Healthcare professionals should consider recommending plant-based diets for the health of their patients and the planet
Readers of the Medical Independent are no strangers to the daily groans and strains from our increasingly frail healthcare system. Despite pandemics, supply chain shortages, intermittent staffing, and winter surges, Irish healthcare continues to deliver to the needs of our population.
Yet it may be our aging population which may overwhelm capacity in the coming years. The Central Statistics Office estimates there will be one million additional over 65-year-olds living in Ireland by 2050, and the Irish Longitudinal Study on Ageing estimates there may be 100,000 adults living with dementia.
The current prevalence of diabetes is conservatively estimated to be 6.5 per cent, already accounting for 10 per cent of the health spend, and with further predictions that Ireland will soon top the EU for rates of obesity. While lifespan has increased in previous decades, health span has simultaneously decreased.
The question we must ask ourselves is where the capacity is to be found to manage increasing rates of chronic disease. Lifestyle factors, in conjunction with advances in therapeutics and other health technologies, may mitigate or prevent many of the chronic diseases that have the potential to overwhelm Ireland’s healthcare system.
With respect to the climate crisis, “code red for humanity” was the grim summation of the most recent intergovernmental panel on climate change climate reports by the UN. It has also been described as the greatest health threat of the 21st Century by The Lancet. We are also living in uncertain times with respect to climate tipping points, when changes in the climate system becomes self-perpetuating beyond certain thresholds, leading to positive feedback and further planetary breakdown. Several of these tipping points may have already been passed, eg, loss of Greenland and Antarctic ice sheet, with loss of their reflective properties, which may lead to more rapid warming, which in turn may increase permafrost cooling with subsequent release of methane, itself a greenhouse gas with a much higher warming potential than carbon dioxide.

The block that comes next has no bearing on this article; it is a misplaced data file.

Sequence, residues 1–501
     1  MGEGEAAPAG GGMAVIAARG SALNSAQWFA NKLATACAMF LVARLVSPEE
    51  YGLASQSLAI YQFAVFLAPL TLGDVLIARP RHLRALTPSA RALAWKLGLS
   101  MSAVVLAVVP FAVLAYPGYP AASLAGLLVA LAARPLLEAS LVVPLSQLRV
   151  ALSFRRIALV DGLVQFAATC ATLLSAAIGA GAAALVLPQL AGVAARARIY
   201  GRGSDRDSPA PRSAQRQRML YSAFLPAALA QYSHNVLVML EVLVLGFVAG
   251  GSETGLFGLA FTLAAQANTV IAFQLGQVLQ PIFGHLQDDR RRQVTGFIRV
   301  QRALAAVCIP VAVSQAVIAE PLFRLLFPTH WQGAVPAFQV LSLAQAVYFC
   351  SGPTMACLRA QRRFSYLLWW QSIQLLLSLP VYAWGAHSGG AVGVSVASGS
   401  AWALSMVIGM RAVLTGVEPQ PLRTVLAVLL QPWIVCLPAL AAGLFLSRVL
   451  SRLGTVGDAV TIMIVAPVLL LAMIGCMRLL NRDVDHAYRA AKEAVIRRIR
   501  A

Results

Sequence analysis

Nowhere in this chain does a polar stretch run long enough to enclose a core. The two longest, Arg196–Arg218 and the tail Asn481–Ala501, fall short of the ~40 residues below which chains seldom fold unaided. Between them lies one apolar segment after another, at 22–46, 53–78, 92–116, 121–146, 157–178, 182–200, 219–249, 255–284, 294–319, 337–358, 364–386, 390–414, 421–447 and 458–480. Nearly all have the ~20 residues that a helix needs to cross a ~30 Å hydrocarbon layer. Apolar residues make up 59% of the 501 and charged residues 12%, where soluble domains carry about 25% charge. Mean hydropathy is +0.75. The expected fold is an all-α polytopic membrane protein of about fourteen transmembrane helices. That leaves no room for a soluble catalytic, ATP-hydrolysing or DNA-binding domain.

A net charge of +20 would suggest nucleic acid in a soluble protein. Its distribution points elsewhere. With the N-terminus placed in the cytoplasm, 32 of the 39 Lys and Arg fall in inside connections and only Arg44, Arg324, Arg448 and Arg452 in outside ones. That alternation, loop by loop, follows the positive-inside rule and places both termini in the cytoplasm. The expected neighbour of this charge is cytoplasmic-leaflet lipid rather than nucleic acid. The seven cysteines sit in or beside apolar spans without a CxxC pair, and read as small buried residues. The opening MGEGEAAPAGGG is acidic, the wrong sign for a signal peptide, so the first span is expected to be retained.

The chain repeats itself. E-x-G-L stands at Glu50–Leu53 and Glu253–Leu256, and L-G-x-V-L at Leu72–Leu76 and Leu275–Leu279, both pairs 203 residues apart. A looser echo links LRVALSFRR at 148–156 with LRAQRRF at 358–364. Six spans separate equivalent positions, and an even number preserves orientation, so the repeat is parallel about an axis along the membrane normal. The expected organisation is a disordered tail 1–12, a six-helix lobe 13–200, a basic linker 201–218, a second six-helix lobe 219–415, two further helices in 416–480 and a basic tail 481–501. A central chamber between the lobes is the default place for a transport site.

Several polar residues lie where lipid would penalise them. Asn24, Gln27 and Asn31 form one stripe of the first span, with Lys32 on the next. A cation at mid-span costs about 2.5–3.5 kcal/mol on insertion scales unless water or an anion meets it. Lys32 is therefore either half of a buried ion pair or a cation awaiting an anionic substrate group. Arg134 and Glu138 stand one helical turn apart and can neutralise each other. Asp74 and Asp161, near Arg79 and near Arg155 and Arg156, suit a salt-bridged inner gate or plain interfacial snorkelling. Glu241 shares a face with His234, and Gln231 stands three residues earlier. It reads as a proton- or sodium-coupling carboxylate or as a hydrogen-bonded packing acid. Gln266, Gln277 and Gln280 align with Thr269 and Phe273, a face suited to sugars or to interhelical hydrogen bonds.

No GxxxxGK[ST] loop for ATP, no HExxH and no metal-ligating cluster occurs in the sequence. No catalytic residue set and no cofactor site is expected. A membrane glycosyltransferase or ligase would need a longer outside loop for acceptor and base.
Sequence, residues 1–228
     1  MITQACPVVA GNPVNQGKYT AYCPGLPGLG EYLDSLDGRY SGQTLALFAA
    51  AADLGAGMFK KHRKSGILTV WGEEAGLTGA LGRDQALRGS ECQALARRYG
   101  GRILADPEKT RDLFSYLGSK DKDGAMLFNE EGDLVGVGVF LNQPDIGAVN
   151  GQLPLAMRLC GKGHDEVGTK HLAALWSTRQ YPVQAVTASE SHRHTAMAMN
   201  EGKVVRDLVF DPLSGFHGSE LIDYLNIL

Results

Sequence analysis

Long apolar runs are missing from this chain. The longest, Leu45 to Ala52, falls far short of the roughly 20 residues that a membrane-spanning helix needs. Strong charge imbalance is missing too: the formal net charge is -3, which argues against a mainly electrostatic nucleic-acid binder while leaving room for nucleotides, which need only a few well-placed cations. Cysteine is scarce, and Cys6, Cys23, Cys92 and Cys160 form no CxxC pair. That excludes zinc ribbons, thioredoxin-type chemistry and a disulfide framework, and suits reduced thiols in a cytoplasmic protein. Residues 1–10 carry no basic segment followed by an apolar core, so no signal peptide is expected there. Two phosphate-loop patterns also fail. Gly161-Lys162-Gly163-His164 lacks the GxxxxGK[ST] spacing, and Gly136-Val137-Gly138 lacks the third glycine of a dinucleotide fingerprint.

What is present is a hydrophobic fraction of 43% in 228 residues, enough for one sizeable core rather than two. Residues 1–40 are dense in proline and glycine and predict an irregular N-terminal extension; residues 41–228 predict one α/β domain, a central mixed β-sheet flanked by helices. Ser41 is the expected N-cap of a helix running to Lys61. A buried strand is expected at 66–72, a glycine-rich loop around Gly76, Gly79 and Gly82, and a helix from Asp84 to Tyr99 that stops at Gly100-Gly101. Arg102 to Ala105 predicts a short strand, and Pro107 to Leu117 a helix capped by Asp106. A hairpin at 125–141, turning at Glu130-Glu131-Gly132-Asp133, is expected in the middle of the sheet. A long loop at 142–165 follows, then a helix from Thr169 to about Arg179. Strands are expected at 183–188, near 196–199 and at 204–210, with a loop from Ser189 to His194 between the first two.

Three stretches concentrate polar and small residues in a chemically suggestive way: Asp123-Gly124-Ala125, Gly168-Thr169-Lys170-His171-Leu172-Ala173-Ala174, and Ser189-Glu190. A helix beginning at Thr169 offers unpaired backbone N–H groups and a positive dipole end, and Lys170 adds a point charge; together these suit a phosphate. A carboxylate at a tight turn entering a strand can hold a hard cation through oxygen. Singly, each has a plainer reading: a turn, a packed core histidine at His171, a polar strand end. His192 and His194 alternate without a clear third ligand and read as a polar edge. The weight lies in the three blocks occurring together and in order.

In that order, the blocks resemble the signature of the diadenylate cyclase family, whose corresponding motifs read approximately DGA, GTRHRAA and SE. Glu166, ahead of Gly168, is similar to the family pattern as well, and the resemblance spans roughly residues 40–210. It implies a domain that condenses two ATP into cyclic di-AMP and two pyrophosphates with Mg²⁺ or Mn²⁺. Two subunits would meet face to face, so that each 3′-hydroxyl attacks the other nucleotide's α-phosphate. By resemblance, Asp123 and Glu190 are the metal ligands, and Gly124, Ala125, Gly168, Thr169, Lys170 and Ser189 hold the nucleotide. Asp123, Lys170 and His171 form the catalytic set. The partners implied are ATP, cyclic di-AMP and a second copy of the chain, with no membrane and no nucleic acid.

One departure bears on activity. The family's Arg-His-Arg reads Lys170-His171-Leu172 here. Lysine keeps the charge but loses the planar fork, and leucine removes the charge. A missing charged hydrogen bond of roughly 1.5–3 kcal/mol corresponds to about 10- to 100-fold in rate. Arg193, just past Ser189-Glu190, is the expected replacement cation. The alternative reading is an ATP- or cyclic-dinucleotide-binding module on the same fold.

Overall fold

Ireland now has legally binding carbon reduction targets, and as an EU member state these will be enforced. It is estimated that the healthcare we deliver today is adding to the climate crisis of tomorrow, such is our resource and carbon intensive healthcare system. Healthcare will soon be included in the path to ‘net zero’, and the HSE will soon announce its own sustainability strategy. This context, with eight years to halve our national emissions, leads us to the role of plant-based diets to protect human and planetary health.
Plant-based diets for human health
We often make health decisions on evidence that is of moderate or weak strength, eg, prescribing antibiotics for self-limiting respiratory infections. So when we find strong evidence we should pay close attention to that signal. The European Society of Cardiology recently updated their guidance for primary prevention of Ireland’s number one cause of death: Cardiovascular disease. Their class I, level A evidence is to limit animal foods and eat towards a plant-based diet, in addition to advice on smoking cessation, alcohol moderation, and exercise.
With respect to the relationship between meat and cancer, the International Agency for Research on Cancer monograph includes hundreds of studies with specific inclusion-exclusion criteria, cohort studies with wide contrasts in meat intake, sufficient event rates and participant numbers, etc, and found a dose-dependent relationship between high intake of red and processed meat with increased risk of colorectal, colon and rectal cancers.
The World Health Organisation, and many other guidelines, recognise this relationship, and while they still recommend animal products in their official healthy diet guidelines, the overall evidence of prospective studies supports limiting red and processed meat consumption for the prevention of colorectal cancer.